Monday, December 4, 2023

Binance, world’s largest crypto exchange, and its CEO face federal charges

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Binance, the world’s largest cryptocurrency exchange platform — where users from across the globe buy and sell electronic forms of money — and its CEO Binance and its CEO, Changpeng Zhao, face federal charges related to money laundering and violating U.S. sanctions. Binance is expected to face billions in fines and fees, according to court documents. 

The platform’s founder and chief executive, Canadian national Changpeng Zhao, has been accused of violating anti-money laundering laws and is expected to step down from Binance’s leadership. 

Binance has been under investigation by numerous regulators and law enforcement agencies, including the Commodities Futures Trading Commission. The company is accused of not taking appropriate steps to prevent money laundering on its platform and operating illegally in the U.S., permitting traders in nations currently sanctioned by the federal government — like Iran — to engage in business deals with Americans.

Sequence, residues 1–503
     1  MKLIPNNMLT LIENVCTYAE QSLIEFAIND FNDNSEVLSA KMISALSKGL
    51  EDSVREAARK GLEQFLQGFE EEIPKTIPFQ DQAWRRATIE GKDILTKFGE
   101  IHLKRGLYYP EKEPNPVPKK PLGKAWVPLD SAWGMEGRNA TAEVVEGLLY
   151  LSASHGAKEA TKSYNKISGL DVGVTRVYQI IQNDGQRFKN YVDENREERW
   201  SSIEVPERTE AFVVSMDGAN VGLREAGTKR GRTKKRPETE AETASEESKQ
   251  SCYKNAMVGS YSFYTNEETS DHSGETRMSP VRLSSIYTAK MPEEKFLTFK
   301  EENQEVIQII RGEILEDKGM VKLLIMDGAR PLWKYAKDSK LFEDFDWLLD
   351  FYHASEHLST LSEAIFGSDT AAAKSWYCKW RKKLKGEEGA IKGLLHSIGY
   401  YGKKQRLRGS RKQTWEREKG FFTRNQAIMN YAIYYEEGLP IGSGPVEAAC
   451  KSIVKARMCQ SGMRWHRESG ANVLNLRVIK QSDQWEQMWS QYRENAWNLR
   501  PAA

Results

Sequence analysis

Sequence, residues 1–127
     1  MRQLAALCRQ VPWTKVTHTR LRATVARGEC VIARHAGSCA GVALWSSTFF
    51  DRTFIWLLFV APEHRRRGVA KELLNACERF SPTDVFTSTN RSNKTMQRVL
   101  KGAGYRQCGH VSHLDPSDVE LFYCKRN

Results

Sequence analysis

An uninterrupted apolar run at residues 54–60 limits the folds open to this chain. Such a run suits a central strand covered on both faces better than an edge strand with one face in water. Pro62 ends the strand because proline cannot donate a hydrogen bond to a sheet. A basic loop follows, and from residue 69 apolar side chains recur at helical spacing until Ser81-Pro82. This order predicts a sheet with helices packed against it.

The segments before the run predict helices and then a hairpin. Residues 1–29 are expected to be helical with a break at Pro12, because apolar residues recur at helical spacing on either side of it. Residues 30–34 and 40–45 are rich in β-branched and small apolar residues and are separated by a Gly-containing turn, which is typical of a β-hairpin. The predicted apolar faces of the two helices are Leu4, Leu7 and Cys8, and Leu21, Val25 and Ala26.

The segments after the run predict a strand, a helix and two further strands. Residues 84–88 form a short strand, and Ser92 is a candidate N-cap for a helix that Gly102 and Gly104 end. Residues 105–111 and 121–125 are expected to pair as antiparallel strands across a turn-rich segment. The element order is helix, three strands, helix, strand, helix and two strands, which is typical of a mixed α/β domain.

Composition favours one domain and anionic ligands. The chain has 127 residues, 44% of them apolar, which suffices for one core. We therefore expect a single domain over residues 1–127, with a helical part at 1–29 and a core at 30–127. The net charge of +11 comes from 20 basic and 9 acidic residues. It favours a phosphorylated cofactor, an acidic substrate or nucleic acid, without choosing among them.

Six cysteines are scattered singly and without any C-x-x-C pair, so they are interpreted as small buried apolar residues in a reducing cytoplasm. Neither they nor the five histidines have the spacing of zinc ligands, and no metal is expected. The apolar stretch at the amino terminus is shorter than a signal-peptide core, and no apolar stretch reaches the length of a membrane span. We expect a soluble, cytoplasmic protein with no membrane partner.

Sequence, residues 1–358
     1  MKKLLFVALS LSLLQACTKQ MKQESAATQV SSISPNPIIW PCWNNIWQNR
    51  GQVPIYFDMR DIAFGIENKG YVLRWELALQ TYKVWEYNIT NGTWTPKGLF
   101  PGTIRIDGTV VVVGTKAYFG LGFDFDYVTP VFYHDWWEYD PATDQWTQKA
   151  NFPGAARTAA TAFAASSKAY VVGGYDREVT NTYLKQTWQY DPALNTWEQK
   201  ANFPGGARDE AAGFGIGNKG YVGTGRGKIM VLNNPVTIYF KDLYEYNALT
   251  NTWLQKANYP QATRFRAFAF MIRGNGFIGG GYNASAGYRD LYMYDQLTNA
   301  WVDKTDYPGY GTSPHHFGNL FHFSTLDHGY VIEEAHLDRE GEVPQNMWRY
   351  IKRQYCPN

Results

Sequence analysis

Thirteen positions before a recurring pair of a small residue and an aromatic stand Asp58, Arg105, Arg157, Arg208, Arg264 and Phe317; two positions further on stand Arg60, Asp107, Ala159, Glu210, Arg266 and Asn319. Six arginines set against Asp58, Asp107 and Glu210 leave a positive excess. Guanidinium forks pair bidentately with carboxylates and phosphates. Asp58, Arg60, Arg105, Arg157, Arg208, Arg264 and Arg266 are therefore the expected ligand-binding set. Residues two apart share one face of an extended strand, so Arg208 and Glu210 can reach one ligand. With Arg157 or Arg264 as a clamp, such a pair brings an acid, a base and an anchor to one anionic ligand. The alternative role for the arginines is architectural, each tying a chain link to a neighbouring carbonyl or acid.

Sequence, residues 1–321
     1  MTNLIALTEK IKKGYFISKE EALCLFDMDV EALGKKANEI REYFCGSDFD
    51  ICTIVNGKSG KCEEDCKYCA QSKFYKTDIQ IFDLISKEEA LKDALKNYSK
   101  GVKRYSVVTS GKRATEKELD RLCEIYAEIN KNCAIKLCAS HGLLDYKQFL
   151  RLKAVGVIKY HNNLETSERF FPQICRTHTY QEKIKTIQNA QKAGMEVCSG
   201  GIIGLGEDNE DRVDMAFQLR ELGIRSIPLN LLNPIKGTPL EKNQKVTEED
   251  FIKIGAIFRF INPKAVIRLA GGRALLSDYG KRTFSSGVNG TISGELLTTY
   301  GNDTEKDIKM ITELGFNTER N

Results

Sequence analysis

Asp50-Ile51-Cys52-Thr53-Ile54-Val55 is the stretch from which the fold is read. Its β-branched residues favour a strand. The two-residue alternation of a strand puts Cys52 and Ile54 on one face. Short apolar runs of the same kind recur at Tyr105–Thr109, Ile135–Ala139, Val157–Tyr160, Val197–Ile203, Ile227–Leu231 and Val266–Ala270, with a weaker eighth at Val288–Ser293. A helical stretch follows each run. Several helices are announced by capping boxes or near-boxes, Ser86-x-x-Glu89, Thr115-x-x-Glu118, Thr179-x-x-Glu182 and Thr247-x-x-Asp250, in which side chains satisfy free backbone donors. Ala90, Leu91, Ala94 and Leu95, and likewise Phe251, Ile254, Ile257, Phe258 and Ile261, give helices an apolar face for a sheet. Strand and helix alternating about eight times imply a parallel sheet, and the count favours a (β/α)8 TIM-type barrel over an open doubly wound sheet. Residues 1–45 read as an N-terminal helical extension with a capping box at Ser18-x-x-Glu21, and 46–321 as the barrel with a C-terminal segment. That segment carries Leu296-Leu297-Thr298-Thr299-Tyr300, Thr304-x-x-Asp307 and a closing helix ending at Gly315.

Federal investigators alleged the cryptocurrency exchange, which processes billions of dollars in trades, illegally profited by allowing darknet actors and ransomware hackers to operate on the platform and did not properly screen for other illicit services.

Between January 2018 and May 2022, prosecutors alleged Binance processed 1.1 million transactions totaling nearly $900 million between Americans and individuals believed to be in Iran. Zhao and company executives were allegedly aware that exchanging American money would require the platform to follow U.S. sanctions laws but also saw users in the U.S. as vital to growth. 

A separate exchange — Binance.US —  was set up for use by American cryptocurrency traders, but investigators alleged Americans remained on the original, unregulated Binance platform, too. 

“The purpose of the conspiracy was to allow Binance to operate as a virtual currency exchange and gain market share and profit as quickly as possible,” according to the criminal information to which the company pleaded guilty. The defendants allegedly encouraged high-value clients to “conceal and obfuscate their U.S. connections,” court documents said. 

This is a developing story.

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